The U.S.-China relationship will be the great geopolitical rivalry of the early 21st century, and every facet of the competition will involve the two big powers’ capabilities in science and technology. Figures from across the political spectrum worry about a technology race with China, and many Americans fear that China has already surpassed us in such frontier technologies as artificial intelligence and 5G broadband communications. “China has stolen a march and is now leading in 5G,” then-Attorney General William Barr declared in a recent keynote speech at a Justice Department conference on China. Graham Allison of Harvard University warns that China “is currently on a trajectory to overtake the United States in the decade ahead” in artificial intelligence.
The conventional wisdom about China’s supposed advantages in AI and 5G shows how easy it is for incomplete understanding of technologies to lead to misjudgments and policy mistakes. Balancing economic and security considerations requires considerable knowledge of specific technologies—not just a current snapshot but also a sense of how the fundamentals will shape their evolution. We believe that the most effective U.S. policies will pair openness to China with scrupulous efforts to manage the risks posed by specific technologies.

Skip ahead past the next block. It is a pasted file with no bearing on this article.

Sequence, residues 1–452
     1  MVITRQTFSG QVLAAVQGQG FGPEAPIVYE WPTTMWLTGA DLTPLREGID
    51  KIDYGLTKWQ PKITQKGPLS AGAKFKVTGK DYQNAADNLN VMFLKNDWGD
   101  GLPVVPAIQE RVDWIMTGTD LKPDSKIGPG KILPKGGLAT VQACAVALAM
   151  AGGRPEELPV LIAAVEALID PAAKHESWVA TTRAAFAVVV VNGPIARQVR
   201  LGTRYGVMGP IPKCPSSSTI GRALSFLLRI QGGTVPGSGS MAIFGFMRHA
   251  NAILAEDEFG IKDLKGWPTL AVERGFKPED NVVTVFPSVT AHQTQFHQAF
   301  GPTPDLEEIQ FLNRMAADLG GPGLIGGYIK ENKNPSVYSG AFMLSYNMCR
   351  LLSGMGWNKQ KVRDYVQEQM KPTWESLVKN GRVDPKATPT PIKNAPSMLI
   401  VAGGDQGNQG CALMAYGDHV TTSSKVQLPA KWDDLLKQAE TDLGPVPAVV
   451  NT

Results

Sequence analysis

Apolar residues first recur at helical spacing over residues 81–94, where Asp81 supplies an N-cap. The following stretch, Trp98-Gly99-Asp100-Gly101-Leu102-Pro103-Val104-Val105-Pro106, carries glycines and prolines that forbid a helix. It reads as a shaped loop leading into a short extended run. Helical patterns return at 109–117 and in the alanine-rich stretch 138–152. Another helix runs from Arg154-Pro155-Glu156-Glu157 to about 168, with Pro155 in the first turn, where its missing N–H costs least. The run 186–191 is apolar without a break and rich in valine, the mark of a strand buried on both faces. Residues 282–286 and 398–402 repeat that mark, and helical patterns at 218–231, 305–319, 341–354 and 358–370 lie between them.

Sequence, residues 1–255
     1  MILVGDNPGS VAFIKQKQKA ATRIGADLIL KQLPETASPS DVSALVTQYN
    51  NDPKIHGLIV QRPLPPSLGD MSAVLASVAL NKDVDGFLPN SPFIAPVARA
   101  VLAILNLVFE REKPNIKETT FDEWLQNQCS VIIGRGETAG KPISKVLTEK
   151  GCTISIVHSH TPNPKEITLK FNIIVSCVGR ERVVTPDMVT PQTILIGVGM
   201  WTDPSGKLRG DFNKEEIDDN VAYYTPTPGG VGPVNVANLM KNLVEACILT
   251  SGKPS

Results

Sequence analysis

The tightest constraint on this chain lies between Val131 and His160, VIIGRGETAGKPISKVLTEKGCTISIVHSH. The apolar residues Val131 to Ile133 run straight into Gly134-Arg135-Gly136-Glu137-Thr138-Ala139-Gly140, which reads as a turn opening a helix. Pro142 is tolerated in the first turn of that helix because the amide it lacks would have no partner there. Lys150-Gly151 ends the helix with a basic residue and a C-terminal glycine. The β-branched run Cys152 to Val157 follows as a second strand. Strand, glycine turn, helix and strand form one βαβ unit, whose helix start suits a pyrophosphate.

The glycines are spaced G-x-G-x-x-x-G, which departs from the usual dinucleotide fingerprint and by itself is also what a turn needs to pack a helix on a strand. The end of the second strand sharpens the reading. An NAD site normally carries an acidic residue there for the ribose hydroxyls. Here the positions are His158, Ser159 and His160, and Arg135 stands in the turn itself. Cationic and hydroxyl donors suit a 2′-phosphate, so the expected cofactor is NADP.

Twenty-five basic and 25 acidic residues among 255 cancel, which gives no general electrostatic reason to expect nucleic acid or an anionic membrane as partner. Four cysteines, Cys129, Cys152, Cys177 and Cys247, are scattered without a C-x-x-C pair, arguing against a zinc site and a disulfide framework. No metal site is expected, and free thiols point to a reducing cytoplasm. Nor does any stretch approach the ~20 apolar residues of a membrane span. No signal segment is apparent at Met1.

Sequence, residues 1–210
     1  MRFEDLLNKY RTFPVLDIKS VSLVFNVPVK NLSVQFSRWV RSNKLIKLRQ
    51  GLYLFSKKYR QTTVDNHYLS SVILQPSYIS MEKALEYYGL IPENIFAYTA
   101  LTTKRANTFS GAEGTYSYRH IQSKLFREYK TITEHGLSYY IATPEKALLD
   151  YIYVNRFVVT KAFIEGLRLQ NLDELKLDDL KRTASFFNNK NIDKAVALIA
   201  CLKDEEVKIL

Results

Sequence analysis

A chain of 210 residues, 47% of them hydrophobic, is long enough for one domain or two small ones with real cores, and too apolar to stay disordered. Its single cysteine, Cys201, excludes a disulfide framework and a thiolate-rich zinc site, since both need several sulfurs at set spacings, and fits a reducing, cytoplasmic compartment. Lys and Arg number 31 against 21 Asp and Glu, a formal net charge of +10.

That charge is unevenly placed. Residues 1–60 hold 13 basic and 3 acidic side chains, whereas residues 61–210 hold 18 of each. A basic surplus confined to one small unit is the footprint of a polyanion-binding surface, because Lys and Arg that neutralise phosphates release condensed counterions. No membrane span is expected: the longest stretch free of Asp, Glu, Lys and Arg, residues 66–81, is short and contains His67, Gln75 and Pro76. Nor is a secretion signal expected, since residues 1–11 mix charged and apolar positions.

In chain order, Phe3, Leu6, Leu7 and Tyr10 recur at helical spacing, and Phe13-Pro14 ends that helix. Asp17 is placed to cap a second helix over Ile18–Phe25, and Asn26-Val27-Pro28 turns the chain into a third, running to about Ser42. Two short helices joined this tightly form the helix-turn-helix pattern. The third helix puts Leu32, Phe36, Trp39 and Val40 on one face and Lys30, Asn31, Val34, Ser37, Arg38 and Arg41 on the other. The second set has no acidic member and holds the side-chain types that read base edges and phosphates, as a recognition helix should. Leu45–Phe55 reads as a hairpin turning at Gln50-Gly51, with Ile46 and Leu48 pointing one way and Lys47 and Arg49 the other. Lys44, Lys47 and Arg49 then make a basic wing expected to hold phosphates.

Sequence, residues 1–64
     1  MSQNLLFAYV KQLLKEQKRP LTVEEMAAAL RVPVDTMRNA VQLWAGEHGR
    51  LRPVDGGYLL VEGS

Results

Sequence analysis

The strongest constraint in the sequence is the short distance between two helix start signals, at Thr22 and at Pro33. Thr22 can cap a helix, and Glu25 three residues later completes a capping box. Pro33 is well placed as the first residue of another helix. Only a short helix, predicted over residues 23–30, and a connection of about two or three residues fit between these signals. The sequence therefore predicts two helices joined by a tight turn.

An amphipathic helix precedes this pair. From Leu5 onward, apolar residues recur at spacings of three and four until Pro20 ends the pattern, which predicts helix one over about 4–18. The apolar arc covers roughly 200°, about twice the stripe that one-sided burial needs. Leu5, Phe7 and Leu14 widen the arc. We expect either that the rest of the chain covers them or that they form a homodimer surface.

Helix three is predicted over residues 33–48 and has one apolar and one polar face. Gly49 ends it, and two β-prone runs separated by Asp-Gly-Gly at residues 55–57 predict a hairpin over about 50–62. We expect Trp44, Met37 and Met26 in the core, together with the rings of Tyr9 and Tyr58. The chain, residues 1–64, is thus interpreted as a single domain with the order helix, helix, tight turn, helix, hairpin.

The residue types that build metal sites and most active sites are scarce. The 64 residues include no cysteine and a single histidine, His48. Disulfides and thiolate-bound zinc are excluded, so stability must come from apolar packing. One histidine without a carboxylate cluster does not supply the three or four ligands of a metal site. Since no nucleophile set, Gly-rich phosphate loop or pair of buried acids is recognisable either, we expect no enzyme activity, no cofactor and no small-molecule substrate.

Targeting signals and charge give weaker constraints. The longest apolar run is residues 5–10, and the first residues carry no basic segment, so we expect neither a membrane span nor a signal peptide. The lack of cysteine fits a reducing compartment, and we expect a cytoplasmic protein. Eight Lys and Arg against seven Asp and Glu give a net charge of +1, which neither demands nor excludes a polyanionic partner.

Let’s start with AI, where outdated analogies have led to wrongheaded policies. Prof. Allison has dubbed China “the Saudi Arabia of the twenty-first century’s most valuable commodity”: data. But this fashionable metaphor implies that China’s larger supply of data—garnered from its more than one billion people, with very limited privacy protection—gives it a big advantage. Chinese machine-learning algorithms can be trained on far larger data sets, this line of thinking contends, and can thus advance more quickly and powerfully than their American counterparts.
This assessment makes two fundamental errors. For one, data aren’t interchangeable. Machine learning depends on specialized data sets, not mountains of undifferentiated data points. For another, this argument ignores the law of diminishing returns. Infinitely larger supplies of an input like data don’t produce infinitely better results; indeed, they may actually reduce performance. For many AI tasks, machine simulations are more productive than mountains of data.
When people think of AI functions that must be sequestered from China, they are often thinking of AI as a specific device or program, like HAL, the omniscient computer in the movie “2001: A Space Odyssey.” But AI is actually a variety of procedures applied to different tasks. Almost all AI research is public and conducted by a global community of researchers. Only a very few applications for specialized security tasks need to be classified and subject to export controls.